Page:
A CUBAN LESSON ON GRATEFULNESS

by Kay Etheredge

(Note:  BBM will be hosting Cuban pastor, Heber Romero, and his wife, Lydia, this week as they speak at the Wednesday evening chapel service.)

There are many highlights from our trip to Cuba four years ago.  We were so very blessed to be chosen as parent chaperones to travel with Ballet Exaltation from Briarwood Ballet.  Our daughter, Jane, was a senior and in the group.  None of us knew what to expect and we went with great excitement but also some trepidation.  There were many unknowns.   We bathed the trip in prayer and God truly went before us and prepared the way, opening doors that caused us to be even more in awe of Him.

Many of the girls came from very privileged homes.  I write this not as an indictment or criticism, but as a confession that I had struggled with insecurities over the differences that became glaringly obvious over time.  Our daughter didn’t have a cell phone until she was a senior and her brother gave her his old one because, right out of college, his brand new employer provided one for him.  Jane was never really one to complain but she had commented to me that she was the only girl in the Briarwood Ballet to not have a cell phone.  I chided her and said that was impossible.  Once I joked with a ballet staff member who told me with all seriousness, “I think she could be right”.

We were told there would be no cell phone service in Cuba.  No internet access.  It sounds like no big deal unless you’re taking a bunch of teenaged girls who constantly had phones in their hands.  We feared there would be grumbling and complaining from the girls regarding their lack of communication.  One night as we sat around for a meeting in Cuba, one of the girls made this statement, “In America, when we need something, our parents get it for us.  Here, we have had to rely on God”.  Another girl commented, “I thought I would miss my cell phone and internet but I really have enjoyed it and don’t look forward to going back to that”.  It was very sobering.

Jim and I stayed in the first city in the home of a dentist and his wife.  He confided to us that his salary was roughly $40 a month.  Each morning that we were there I watched his wife wash diapers for their brand new grandbaby outside with a scrub board.  She then hung them out on a clothesline to dry in the Cuban sun, then take them down, lay them out on the table where we ate, and iron the wrinkles from them.  Her iron looked just like the one my mom had when I was a little girl.

I had struggled through the years with feeling that where we lived and how we lived was not enough.  Our 1950s ranch style home is the one Jim grew up in.  Many of Jane’s ballet friends lived in very nice homes and some of them were given cars at 16 that were nicer than our own cars.  There were obvious socio-economic differences that I allowed myself to be weighed down by and even though Jane wasn’t necessarily aware, I certainly was.  I struggled with contentment as I looked around at our dated furniture and small rooms and when I drove Jane to sleep- overs at her friends’ homes I allowed myself to compare, and we always came up short.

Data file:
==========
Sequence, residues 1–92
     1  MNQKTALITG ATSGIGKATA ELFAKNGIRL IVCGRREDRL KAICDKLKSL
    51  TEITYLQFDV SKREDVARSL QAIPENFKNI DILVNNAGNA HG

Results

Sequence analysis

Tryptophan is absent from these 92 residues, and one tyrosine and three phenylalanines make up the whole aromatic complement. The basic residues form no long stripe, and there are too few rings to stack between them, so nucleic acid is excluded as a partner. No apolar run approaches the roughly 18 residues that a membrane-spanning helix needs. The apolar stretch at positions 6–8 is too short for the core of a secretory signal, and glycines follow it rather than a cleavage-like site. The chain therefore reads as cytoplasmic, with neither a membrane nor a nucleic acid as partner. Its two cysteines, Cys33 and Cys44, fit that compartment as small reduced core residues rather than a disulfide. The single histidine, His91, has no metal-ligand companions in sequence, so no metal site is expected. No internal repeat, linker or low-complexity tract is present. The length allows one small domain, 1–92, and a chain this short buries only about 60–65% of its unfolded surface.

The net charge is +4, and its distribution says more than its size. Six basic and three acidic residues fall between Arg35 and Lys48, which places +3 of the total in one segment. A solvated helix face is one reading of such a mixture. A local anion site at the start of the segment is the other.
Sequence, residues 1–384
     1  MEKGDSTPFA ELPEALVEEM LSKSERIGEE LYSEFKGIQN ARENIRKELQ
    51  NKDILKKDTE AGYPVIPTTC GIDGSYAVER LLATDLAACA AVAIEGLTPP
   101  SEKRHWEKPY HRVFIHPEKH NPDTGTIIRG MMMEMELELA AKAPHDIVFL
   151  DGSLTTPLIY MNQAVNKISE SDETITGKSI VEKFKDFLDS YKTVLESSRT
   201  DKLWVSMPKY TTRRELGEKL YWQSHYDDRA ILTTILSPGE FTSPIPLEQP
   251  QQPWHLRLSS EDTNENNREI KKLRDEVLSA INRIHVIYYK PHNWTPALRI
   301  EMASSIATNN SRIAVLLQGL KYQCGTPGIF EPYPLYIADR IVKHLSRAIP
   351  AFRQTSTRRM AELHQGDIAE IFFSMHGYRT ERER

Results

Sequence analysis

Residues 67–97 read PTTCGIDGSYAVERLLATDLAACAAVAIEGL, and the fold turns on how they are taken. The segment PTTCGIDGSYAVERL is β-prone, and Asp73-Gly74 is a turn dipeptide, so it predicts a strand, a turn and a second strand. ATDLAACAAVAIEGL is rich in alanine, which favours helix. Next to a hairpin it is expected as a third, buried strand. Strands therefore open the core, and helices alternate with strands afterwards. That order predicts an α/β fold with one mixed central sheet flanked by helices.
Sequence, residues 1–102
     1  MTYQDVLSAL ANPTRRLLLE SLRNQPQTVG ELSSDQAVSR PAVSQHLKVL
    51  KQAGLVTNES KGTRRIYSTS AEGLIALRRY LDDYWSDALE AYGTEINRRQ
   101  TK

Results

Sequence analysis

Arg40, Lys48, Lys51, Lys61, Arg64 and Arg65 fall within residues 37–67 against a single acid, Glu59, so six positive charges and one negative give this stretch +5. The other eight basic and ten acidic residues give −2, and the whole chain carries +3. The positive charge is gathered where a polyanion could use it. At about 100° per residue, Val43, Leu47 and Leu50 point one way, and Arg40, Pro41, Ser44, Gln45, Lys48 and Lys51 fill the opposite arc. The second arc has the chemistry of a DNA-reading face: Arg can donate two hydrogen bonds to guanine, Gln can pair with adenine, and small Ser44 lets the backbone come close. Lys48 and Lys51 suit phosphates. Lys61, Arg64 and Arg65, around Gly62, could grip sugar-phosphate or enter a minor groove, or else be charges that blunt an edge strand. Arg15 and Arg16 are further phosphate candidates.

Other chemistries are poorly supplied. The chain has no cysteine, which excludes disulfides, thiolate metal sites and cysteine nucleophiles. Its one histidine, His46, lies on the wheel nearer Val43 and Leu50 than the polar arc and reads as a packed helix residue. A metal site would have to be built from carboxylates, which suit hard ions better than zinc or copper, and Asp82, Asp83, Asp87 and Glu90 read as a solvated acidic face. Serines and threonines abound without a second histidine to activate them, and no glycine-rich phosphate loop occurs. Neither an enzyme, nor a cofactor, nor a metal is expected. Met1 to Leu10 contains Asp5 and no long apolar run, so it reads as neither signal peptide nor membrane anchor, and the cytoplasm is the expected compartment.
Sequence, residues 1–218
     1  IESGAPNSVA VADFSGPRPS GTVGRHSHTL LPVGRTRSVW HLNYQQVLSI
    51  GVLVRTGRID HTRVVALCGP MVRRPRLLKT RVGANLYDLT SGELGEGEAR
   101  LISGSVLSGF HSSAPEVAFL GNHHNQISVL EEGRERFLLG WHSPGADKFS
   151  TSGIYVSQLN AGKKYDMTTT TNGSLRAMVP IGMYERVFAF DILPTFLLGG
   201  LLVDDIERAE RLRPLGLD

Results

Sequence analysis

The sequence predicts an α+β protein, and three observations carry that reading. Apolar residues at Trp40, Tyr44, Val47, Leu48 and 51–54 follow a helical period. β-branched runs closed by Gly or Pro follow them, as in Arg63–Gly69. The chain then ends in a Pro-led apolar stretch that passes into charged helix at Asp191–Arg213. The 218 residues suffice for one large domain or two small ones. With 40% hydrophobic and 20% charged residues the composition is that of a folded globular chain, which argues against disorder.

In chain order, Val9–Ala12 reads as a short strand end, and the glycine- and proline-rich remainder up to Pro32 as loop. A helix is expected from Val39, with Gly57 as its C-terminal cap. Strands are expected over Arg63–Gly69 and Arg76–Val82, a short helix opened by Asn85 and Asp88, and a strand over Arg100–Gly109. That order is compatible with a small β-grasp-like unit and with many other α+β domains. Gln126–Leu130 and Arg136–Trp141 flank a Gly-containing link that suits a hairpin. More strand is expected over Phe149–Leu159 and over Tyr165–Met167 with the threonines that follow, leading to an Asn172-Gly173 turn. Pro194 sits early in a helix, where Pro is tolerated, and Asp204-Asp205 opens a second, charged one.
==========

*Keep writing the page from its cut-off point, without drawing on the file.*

One night in Cuba as we traveled on one of our two vans our driver, a delightful man named Junior, pulled off the paved road onto a bumpy gravel road.  He drove for just a bit, then pulled over in front of a small home.  It was two story, but not by American standards.  I can’t even think of a place that it would compare to here.  The front yard was dirt and the home was tiny.  Very, very tiny.  Junior stopped our van and began with great excitement to honk the horn.  Soon a small girl appeared at the door of this home and she began to wave as he waved back.  Junior turned proudly to his van full of Americans and gestured proudly with his arm saying,  “Mi Casa!”  This was his home and he wanted us all to know, to see where he lived.  And as I looked out the window at the grinning little girl and saw Junior’s great pride in showing us his home, I knew in my spirit that this very moment was why God brought me to Cuba.  My loving Father had a picture of contentment He wanted to show me and He took me to Santa Clara, Cuba to unveil it.  I learned much on the trip, and we saw God work in so many mighty ways.  But for a comparing and discontented mama of a very amazing daughter, I knew that this tiny house with a dirt front yard right off a gravel road in Cuba, was exactly what I was meant to see.

The Cuban people we had the pleasure to come to know weren’t living in a state of grumbling or even acquiescence.  They were living with gratefulness.  God gave me a living picture of what the word home should mean, and He used a sweet man named Junior and his small daughter to show me.  It wasn’t about finding someone with less, as much as seeing how beautiful a grateful heart looks.    Twelve days later a very exhausted family flung open the door of our 1950’s ranch style home—the same one where my husband grew up.  The furniture was still dated and the rooms still small.  Nothing was different.   And I looked around me and said to my husband and daughter, “Just look at this beautiful place”.

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